actions of the mobs who tried to stop the movement.
Relief Society Magazine, July 1956
One of the new converts from Gries Vyle, Denmark, was Joannes Larsen, a very likeable young man, who
called on the Bertelsen family.4 His message was very well received. Just what Lars' first reactions were to
this new message we do not know, but by Feb. 1851 his sister, Bolette, was baptized. Did Lars grow angry
when mobs threatened violence? What did he do when the playmates who used to play on the heather with his
little sisters, began to tease and torment them because their parents listened to the missionaries? What were his
thoughts and reactions when the landlord forced them from the home they had rented for so many years?5
An inspirational message coupled with opposition and persecution, forces one to think, study and pray.
Lars could not remain neutral in the midst of so much discussion within the home, and persecution and
arguments in the streets. One caught in such a predicament must take a stand. Lars did. He was the second in
the family to be baptized, 6 Mar. 1853 by Niels Knudsen.6 Six days later his mother was also baptized,
followed by the rest of the family.
Lette and Helena soon left to join the Saints in Zion. Lars was nearing age 22 when all male citizens were
required to enter the army for basic training after which they were to remain ―on call.‖7 The excited talk of a
war coming forced Niels and Maren to make frantic preparations for Lars to leave Denmark before the clutches
of the army kept him in Denmark. They didn't want to leave their only son at home when their turn came to
depart for Zion. Hasty preparations were made, fond farewells spoken and Lars crossed the English Channel
for Liverpool, England where he boarded the ship James Nesmith. They sailed 7 Jan 1855 with 440
Scandinavians aboard.8 This predominance of Danes postponed the pain of the supercilious smiles which
makes one aware of their queer dress; round trunks and different manners. Among the passengers was a family
of Lars' friends, Diderick and Maren Mortensen and six of their daughters.9 Lars enjoyed their company very
much and later married two of the girls.
Lars' daughter, Lorette, in writing the life of her mother says:
One incident occurred during the journey that is worthy of record. They had been sailing several weeks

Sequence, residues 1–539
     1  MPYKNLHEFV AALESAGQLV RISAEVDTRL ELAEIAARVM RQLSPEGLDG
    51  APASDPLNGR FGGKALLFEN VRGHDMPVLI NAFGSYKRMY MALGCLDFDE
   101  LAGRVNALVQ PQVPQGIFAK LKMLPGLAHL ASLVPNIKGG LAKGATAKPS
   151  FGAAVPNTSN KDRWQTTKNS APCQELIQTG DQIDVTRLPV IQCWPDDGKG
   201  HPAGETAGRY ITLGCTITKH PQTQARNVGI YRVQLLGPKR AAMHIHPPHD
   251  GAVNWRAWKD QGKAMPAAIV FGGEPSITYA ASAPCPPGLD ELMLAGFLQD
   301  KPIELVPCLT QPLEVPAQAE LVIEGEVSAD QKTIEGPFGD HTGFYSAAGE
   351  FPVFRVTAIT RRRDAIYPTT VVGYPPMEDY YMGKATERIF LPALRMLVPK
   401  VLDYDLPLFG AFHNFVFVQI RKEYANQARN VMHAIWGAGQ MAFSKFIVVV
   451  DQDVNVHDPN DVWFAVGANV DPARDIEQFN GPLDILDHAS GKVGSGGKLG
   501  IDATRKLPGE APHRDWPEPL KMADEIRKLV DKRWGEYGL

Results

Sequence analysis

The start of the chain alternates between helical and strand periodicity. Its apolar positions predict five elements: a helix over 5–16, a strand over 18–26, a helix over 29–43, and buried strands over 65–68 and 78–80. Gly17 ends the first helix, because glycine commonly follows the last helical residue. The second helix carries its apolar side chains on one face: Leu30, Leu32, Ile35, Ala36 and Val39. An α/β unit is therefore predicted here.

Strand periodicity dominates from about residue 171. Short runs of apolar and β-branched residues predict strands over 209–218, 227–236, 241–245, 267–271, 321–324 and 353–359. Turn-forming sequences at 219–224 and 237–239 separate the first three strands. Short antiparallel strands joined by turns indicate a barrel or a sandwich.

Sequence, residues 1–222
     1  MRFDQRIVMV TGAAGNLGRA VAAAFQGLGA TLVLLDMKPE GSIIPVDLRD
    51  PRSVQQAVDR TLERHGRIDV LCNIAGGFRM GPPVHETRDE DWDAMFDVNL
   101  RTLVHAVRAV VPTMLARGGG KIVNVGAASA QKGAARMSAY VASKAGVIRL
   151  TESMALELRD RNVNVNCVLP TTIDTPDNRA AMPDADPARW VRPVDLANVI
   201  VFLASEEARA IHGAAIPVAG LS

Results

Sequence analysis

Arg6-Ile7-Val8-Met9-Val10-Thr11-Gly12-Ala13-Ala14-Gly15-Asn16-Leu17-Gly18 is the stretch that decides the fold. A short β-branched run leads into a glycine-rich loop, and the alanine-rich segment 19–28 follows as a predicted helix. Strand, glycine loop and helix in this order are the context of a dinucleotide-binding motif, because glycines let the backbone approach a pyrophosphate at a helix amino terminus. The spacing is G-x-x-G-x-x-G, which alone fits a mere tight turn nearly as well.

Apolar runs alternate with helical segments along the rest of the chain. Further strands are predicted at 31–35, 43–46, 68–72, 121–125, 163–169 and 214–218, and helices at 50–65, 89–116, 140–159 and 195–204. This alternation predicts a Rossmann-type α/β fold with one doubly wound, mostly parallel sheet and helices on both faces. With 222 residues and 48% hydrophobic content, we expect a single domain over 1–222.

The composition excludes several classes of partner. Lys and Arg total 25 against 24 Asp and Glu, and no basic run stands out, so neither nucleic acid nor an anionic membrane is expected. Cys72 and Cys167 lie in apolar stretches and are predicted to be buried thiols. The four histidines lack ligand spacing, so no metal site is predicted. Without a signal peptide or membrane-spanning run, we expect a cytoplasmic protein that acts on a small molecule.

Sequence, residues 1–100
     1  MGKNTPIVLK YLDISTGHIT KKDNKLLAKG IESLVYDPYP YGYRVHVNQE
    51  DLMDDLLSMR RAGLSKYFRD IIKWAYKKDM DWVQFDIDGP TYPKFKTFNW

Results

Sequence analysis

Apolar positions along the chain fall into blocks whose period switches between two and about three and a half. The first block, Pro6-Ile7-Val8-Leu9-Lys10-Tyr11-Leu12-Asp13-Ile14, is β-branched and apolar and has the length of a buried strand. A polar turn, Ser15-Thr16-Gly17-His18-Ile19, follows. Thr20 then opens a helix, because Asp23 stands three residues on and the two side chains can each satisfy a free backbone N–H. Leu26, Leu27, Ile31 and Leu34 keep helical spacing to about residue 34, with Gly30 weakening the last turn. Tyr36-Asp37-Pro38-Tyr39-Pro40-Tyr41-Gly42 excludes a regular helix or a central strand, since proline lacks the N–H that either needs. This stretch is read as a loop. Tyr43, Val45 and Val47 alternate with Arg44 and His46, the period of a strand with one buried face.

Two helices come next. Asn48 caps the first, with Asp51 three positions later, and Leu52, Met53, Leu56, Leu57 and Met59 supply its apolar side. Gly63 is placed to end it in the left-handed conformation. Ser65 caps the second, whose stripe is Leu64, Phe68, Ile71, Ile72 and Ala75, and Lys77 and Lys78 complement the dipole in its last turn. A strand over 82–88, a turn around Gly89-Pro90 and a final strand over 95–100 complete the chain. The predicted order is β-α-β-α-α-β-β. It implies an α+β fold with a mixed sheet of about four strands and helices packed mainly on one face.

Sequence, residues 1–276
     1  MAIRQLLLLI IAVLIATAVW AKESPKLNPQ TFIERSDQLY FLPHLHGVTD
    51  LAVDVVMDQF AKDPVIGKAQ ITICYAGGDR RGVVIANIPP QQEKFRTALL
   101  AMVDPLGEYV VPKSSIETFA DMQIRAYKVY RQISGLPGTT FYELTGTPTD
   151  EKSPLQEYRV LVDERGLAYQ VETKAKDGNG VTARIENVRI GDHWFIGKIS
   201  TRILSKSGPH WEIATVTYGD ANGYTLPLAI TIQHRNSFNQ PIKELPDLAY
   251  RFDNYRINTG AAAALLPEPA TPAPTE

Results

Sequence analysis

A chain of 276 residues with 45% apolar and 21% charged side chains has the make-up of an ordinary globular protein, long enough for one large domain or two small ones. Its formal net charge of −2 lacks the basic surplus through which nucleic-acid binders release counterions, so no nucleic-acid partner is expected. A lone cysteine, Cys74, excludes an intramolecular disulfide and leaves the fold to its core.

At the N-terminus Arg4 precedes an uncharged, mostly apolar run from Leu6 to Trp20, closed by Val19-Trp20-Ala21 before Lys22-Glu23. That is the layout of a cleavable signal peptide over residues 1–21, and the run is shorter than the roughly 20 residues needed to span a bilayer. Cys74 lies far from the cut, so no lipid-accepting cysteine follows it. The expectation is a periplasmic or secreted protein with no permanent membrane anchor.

when a terrible storm arose – so terrific it brought alarm and fear to both the officers and passengers ... the
converts were gathered in the lower part of the ship ... Suddenly the captain of the ship appeared before them
and said, ―Are you people Mormons?‖
―Yes we are sometimes called Mormons ...‖
―I understand ... you believe in a God who controls the sea and land.‖
―We do indeed,‖ answered the elder.
―Well then, I must urge you to call on your God now with all the faith you can command. Our ship is
disabled and unless the storm ceases immediately it will only be a matter of a short time until we will all be at
the bottom of the sea.‖
―We will call on our God, He will hear our prayer I can assure you, and He will save us.‖
The captain disappeared and the elder turned to the shocked group.
Ada Gordon, Life Story of Frederikka Christina Bertelsen
Early Church File
Andrew Christian Neilson, Diary, D. U. P. Files
Andrew Jensen, Church Chronology, p. 52
Emigration cards (38335 F Utah 1 pt 1 and pt 6 Gen. Soc.)
―Be not afraid, the same God that stilled the waves of Galilee still lives. He knows the sacrifices you have
made. He knows how earnestly you desire to help in the building of His Church in the earth, and He will not
desert you now. We will call upon Him and He will save us, but we must have faith. We must all do our part.‖
He gathered them together in a circle and they began their supplication to their God, the elder first then
each in turn added his plea for deliverance, even the children. And then a most wonderful thing happened.
The storm abated almost immediately – the angry waves ceased to hiss and pound the little ship — a great calm
settled over the mighty deep, and the little group of humble grateful emigrants knew that their prayers had been
heard and they had been saved!
The ship arrived at New Orleans 23 Feb. 1855 and most of the company continued up the river to Ft.
Levenworth.10 Five months later on 12 Aug. 1855, Lars and Dorothy Mortensen were married in Weston,
Missouri by Elder C. Nelson.11 One wishes one knew more details of their courtship and marriage, and where
they lived until they joined the wagon train for Utah in 1856. When Elder Benjamin L. Clapp began
organizing the balance of his missionary converts for the trek to Utah, Lars and Dorothy joined them. Word
was sent to Dorothy's sister, Christine, to accompany them. She and an escort mounted horses and joined the
company at their first camp. The joy of reunion between the sisters, the details of the travels with Lars
entertaining the crowd around the camp fire at night, the courtship of Captain Benjamin L. Clapp and Christine